June 17, 2021


Keep Fit & Healthy

Signs of Magnesium Deficiency and How to Stop It

2 min read
Magnesium deficiency is the leading cause of reduced bone growth in younger people according to...
Magnesium Deficiency Signs, Symptoms and How to Fix It

Magnesium deficiency is the leading cause of reduced bone growth in younger people according to the National Institutes of Health )NIH). Early symptoms of magnesium deficiency can be identified by loss of appetite, nausea, vomiting, and fatigue. If left unchecked, magnesium deficiency will lead to lifelong consequences. 

Magnesium plays an important role in energy production and numerous biochemical processes. Adequate magnesium absorption regulates blood pressure. Magnesium content is crucial to muscle and neuron development. 

Magnesium levels are a key indicator of magnesium deficiency or hypomagnesemia. A simple blood test can confirm low magnesium levels. Research has long shown that people are not getting enough magnesium. 

Many dismiss issues like high blood pressure, cramping, muscle weakness, and muscle spasms as temporary or a sign of strain. These are also signs of vitamin d deficiency and low potassium levels. But the risk of magnesium deficiency is critical.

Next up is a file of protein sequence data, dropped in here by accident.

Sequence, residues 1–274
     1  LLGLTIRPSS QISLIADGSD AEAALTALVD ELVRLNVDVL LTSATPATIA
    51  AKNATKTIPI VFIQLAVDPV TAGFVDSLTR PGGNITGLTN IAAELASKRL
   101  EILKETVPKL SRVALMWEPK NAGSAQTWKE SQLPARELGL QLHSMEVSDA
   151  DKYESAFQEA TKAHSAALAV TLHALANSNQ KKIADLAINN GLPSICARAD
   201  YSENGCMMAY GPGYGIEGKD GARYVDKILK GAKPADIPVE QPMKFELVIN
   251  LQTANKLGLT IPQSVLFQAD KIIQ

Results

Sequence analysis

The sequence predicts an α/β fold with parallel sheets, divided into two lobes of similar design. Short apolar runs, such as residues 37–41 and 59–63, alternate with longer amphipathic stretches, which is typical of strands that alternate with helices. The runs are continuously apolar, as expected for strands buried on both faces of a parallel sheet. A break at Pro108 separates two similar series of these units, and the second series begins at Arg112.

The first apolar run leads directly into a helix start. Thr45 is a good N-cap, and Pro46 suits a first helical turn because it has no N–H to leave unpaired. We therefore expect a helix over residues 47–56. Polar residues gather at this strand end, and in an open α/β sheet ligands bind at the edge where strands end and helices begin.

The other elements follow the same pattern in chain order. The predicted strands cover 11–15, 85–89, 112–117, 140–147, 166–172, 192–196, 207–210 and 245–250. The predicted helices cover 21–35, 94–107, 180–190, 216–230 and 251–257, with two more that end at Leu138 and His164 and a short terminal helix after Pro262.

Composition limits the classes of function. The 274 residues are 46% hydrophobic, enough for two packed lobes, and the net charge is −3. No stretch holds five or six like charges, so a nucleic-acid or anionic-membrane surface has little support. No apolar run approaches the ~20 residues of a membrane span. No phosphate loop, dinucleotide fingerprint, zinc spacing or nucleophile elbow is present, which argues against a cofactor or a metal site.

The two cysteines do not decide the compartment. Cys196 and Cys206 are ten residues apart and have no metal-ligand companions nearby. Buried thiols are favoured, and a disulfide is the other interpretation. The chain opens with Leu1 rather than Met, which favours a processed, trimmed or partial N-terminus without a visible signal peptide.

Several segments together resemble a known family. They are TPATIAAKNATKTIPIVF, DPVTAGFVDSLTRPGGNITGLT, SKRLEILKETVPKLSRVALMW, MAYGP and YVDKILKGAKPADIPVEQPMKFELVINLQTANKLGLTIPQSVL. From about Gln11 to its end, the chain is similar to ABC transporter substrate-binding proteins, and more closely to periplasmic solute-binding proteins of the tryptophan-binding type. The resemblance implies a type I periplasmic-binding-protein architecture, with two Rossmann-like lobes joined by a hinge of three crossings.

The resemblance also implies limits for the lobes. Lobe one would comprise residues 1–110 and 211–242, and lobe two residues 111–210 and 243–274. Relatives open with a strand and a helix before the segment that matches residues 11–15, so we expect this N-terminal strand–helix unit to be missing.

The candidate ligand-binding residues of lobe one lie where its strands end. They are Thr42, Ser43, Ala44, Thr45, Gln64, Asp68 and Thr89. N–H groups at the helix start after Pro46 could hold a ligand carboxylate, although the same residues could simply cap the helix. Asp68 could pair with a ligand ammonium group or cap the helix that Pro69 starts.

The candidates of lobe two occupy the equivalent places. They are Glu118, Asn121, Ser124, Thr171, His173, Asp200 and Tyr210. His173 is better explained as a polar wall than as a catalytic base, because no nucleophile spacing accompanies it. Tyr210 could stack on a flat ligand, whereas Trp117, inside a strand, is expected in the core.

If left untreated these early signs of magnesium deficiency can worsen and lead to abnormal heart rhythms, type 2 diabetes, seizures, and personality changes. Other conditions include celiac disease, heart disease, and other chronic diseases. 

A health care provider can use an erythrocyte magnesium level test to measure magnesium levels.  The erythrocyte magnesium level and red blood cell tests can offer insights regarding treatment.

People who are diagnosed as magnesium deficient can increase their magnesium intake by managing dietary intake. Eating magnesium-rich foods can improve levels of magnesium for those who show an increased risk. Magnesium-rich foods include whole grains, leafy greens, cashews, green vegetables, and avocados. This form of dietary magnesium 

In addition, magnesium supplements like magnesium citrate and magnesium sulfate (Epsom salt) can reduce unwanted muscle contractions or muscle cramps by raising serum magnesium. These short-term solutions do not solve long-term issues like malabsorption caused by Crohn’s disease.

In some cases, older adults may need to consider the side effects of proton pump inhibitors, diuretics, and antibiotics. The risk factors associated with these medications can lead to a lack of magnesium. In severe cases, patients can develop hypocalcemia or hypokalemia and trigger neurologic and irregular muscle contractions. 

Magnesium deficiency is a manageable condition that can be treated and even corrected. If caught early enough decreased magnesium levels can be a temporary problem. Talking to a healthcare professional is important for determining the recommended daily allowances (RDA) for magnesium supplements and dietary considerations. Understanding current magnesium status is beneficial to recognize when it is important to reconsider the amount of magnesium each person needs at different stages of aging.

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